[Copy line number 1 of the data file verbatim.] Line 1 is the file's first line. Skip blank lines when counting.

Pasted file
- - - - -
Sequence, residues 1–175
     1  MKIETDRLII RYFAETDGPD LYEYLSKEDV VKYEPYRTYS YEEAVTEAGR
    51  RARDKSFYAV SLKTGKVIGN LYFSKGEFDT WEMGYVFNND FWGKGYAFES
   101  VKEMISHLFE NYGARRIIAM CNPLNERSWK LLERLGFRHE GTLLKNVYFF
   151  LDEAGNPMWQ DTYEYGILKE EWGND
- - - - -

Sequence, residues 1–175